"So the World Cup draw is going to be a great event. It's going to be where many of the teams figure out where they're going to play, who their competition is.

"And I think that's going to create a whole other level of excitement when we see who the home team -- the Philippines -- plays, and who the USA plays, and who France, and Canada, and Spain, and all these great teams that are going to be participating, the 32 great teams of the World Cup.

"So I think it's never been a better time to be a fan of the NBA. I think the momentum here in the Philippines and throughout Southeast Asia is picking up."

NBA Asia Managing Director Ramez Sheikh highlighted that the Philippines remains a very important market for the league.

"We've got over 15 million followers from the Philippines in all of our social media handles. We've got content that caters specifically to our Filipino fans," he said.

"We've got over approximately 50 partners across merchandise, sponsorship, and media. In fact, today, Mark and I had the pleasure of visiting our second store in Mall of Asia, and spent some time with our partner Titan in that wonderful space -- 500 square meters.

"The FIBA World Cup is obviously here, together with Japan and Indonesia. There will be a lot of NBA players. They're going to have a chance to experience this wonderful city. And we can't wait to shine a spotlight on them when they're here in the region in August and September."

Sheikh added that more Filipinos continue to watch NBA content, with TV viewership up 15% and NBA League Pass visits up 169%.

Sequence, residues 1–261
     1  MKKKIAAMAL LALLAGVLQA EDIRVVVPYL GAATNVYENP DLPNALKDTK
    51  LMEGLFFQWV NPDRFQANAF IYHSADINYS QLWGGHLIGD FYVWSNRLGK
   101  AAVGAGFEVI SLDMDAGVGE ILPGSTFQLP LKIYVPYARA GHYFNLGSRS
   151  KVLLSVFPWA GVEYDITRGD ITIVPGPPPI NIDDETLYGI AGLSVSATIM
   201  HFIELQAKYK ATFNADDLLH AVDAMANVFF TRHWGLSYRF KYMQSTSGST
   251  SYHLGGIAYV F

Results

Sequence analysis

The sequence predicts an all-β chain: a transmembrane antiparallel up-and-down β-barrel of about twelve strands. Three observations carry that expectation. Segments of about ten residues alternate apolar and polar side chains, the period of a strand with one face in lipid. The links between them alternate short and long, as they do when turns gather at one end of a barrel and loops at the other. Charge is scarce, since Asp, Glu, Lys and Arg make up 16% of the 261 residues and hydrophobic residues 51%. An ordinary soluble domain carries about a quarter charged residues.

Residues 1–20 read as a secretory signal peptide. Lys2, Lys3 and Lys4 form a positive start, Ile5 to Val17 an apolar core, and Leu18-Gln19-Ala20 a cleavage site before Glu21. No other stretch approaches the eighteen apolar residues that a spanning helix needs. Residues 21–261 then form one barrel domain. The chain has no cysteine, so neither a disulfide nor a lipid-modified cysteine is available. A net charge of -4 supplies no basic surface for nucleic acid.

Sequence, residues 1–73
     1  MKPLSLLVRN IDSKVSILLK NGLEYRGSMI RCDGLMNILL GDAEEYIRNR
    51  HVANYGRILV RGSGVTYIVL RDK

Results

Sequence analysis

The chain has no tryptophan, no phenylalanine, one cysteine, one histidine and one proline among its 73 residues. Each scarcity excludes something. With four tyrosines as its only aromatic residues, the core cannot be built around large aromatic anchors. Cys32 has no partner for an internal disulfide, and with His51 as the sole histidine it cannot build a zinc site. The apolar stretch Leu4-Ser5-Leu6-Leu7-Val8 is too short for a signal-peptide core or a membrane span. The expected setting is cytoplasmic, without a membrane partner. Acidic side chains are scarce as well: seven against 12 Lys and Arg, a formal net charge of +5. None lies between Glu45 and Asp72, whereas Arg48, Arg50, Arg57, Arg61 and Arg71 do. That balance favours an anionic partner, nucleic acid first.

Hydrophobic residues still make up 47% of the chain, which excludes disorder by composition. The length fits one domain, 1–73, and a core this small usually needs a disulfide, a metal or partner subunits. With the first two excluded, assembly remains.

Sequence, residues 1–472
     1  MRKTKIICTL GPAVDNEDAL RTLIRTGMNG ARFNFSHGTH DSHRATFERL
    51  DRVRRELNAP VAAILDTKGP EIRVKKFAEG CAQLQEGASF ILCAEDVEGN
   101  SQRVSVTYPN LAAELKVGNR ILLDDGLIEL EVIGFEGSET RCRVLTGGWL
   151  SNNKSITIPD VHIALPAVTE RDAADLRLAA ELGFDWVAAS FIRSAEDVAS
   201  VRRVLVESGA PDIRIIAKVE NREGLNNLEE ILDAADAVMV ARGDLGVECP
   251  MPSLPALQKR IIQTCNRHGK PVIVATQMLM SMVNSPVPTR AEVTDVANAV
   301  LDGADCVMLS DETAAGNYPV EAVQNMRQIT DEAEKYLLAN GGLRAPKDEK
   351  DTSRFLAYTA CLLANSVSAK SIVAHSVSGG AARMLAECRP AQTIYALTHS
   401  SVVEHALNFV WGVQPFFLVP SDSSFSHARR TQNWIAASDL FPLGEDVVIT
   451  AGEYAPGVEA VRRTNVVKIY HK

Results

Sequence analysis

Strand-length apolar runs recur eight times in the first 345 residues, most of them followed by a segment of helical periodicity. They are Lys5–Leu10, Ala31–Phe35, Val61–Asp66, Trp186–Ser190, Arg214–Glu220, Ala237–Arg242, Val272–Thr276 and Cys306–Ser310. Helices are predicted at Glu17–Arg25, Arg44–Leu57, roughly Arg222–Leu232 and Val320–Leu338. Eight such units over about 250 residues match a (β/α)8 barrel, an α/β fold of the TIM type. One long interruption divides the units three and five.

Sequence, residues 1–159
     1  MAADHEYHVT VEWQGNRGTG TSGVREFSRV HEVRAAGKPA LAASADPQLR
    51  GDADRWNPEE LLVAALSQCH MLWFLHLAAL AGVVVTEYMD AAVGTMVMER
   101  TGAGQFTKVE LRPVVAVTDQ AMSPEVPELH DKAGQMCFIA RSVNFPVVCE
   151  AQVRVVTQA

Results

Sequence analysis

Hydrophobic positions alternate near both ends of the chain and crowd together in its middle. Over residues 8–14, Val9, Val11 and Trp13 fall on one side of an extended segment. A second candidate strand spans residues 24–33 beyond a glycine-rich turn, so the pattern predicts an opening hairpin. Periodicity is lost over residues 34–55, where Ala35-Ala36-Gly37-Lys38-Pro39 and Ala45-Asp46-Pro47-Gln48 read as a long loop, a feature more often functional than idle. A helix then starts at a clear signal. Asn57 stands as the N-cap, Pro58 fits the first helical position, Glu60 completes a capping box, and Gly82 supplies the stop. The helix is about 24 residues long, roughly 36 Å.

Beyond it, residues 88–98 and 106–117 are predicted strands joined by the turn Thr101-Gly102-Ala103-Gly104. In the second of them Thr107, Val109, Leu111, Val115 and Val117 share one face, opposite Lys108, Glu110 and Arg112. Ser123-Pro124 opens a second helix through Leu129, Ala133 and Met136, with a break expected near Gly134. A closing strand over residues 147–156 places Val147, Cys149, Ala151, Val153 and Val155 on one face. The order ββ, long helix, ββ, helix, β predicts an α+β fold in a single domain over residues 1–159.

"When you look at the average viewership of people that are watching games here in the Philippines, it's second only to China," Sheikh stated.

"The Philippines is the number one market for us in terms of Facebook fans outside the United States."

That being said, the two NBA officials were candid enough to admit that ten years after the first NBA pre-season game was held in Manila, there are still no immediate plans to come back.

"There is an extraordinary fan base here in the Philippines," Sheikh said. "And while we don't have any current plans to play any preseason games in the Philippines, we're always open to the conversation."

Tatum pointed out that even though a pre-season game likely won't be happening soon, there will still be dozens of NBA players descending upon the country in August as he added: "Our teams are heavily in demand to play across the world before our season typically kicks off in October.

"But what I'm really excited about is we're going to see so many NBA players here in Manila in the next few months who will bring their NBA caliber talent. Fans here are going to be able to see so many NBA players together with international players.

"So we're excited about that. Yeah, I think 20 of the 32 teams will have NBA players on them. There will be probably a record number of NBA players participating in this World Cup."